Why do we only exist during Black History Month?
Elinor Tatum | 4/12/2011, 4:46 p.m.
It seems that nowadays everyone has their own month or day or even year. If it is not Earth Day, it is Mother's Day. If it not colon cancer awareness month, it is National Poetry Month or the anniversary of someone or something. The latest has been the 100th birthday of the lame president Ronald Reagan--give me a break.
And so it goes.
I am not naming these months, or mentioning a horrible president to pit one observance against another. But it does get pretty ridiculous--there is a national frog month and a national popcorn month. I expect we will be hearing soon from the society for the prevention of cruelty to pigs, asking us not to eat pork some time during the summer.
But of course we do have Black History Month. This wasn't conjured up by some marketing executive trying to get free publicity for his client. It was the brainchild of Carter G. Woodson, one of our great Black scholars and journalists in the 1920s who knew how critically important chronicling and documenting our history is to our people.
Black History Month remains so important on so many levels. Not only does it highlight the accomplishments of Black people, it shows all Americans how much we have added to the fabric of American society.
During this month we are highlighted in the classroom and on television through documentaries and news programs. There is a focus on the Black community that does not exist at any other time of the year for so many Americans (save for in Black newspapers and other Black media). And if it were not for Black History Month, I am not sure the accomplishments of African-Americans outside of sports and to some extent entertainment would be highlighted at all.
But why is that? Why is it that so many accomplishments of Blacks are put away in a drawer and only taken out in February? Why is it that there are only slight mentions in the textbooks, and it is really only when teachers go the extra mile (usually during February) that Blacks are shown to have been central to the creation, building and defending of America.
America was built on the backs of Black slave laborers. It was a Black man, Lewis Latimer, who invented an important part of the light bulb--the carbon filament. It was a Black man who created what led to modern refrigeration and a Black man who invented the stoplight.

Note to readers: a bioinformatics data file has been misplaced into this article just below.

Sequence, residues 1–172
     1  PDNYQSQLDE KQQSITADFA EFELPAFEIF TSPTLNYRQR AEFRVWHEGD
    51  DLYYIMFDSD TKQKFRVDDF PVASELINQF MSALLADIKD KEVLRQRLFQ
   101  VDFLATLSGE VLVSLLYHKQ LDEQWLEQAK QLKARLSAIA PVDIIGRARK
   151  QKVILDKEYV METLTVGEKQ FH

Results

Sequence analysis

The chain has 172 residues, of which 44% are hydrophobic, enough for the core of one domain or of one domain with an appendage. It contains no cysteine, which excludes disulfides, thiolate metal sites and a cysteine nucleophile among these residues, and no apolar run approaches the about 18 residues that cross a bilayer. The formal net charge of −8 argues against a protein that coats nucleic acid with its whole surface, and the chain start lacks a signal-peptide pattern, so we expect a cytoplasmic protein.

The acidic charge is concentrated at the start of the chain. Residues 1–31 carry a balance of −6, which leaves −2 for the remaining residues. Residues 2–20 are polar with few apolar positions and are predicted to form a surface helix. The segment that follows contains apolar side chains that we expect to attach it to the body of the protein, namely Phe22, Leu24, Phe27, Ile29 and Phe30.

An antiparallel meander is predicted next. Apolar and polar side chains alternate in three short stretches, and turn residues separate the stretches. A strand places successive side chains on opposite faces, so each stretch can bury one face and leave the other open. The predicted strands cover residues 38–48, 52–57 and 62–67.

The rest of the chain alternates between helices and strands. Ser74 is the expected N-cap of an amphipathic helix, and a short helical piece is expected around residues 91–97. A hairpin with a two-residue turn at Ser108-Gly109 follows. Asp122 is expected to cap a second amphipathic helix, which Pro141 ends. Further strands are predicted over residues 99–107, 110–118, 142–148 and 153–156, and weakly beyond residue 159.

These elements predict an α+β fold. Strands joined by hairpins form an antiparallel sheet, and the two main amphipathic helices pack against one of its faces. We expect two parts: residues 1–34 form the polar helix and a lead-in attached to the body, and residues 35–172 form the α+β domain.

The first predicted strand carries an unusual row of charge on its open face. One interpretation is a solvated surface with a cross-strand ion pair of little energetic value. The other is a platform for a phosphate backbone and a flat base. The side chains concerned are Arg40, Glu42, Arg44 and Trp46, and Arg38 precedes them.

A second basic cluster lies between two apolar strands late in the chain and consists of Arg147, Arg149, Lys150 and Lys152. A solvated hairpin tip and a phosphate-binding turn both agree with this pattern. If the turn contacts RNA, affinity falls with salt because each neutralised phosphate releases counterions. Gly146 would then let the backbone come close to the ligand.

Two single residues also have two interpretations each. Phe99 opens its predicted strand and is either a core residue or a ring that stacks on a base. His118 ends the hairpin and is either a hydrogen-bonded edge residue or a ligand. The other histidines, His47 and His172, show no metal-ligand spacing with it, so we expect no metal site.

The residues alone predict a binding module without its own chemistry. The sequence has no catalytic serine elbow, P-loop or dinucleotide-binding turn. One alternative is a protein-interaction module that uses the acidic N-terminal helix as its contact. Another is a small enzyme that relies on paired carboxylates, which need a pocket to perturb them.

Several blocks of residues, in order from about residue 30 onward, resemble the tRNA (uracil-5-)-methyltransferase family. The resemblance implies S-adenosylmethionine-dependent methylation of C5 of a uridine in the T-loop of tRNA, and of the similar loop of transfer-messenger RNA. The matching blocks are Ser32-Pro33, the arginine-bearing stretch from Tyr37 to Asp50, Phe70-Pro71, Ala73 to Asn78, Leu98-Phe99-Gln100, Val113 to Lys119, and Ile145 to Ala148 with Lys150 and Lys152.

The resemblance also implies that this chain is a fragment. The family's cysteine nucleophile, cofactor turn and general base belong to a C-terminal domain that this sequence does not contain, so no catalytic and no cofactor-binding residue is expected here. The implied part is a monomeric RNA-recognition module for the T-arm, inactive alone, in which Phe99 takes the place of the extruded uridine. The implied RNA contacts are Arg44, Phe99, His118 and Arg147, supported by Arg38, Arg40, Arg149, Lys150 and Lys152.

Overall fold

It was Black men who helped to free the south during the Civil War and it was the liberators (a group of Black soldiers during World War II) who helped liberate the Buchenwald concentration camp in Germany. It was the Tuskegee Airmen--including our great CUNY educator Roscoe C. Brown--who made sure that hundreds of missions were carried out safely and that cargo and personnel made it to their destinations during critical flights. And it was Ben Carson whose hands changed the direction of medicine.
Black people are America, our blood, sweat and tears run though the veins that make up this country yet we are relegated to a month where we are honored and celebrated. We are more than a month. We exist 365 days a year. We are your doctors, your teachers, your police, your lawyers. We are your president. We are your future.
We need to change the way America thinks of us. Not just in February, but 12 months a year. Schools need to add more of our history to their curricula--our achievements need to highlighted every day and integrated into the greater educational domain. In literature we need to focus on Ellison and Haley, Hughes, Morrison, Angelou and Mosley. And in art history Bearden, Lawrence, Parks, Van Der Zee and Catlett need to be a central part of the canon. We need to be represented and acknowledged--we need to exist everyday, not just in February. That would be American society's ultimate acknowledgment of the legacy of Woodson and us, as an accomplished people.